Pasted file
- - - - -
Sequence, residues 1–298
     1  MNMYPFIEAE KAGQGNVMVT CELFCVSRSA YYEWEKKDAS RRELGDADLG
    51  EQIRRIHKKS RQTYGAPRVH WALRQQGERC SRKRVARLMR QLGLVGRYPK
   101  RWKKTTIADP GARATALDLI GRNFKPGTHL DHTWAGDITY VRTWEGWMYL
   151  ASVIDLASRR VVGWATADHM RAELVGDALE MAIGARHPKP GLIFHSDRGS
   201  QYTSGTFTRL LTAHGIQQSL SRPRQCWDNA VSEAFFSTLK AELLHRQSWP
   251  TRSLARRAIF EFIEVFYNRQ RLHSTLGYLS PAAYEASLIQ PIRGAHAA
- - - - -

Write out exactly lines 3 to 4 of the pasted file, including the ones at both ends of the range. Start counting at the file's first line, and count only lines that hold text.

    51  EQIRRIHKKS RQTYGAPRVH WALRQQGERC SRKRVARLMR QLGLVGRYPK
   101  RWKKTTIADP GARATALDLI GRNFKPGTHL DHTWAGDITY VRTWEGWMYL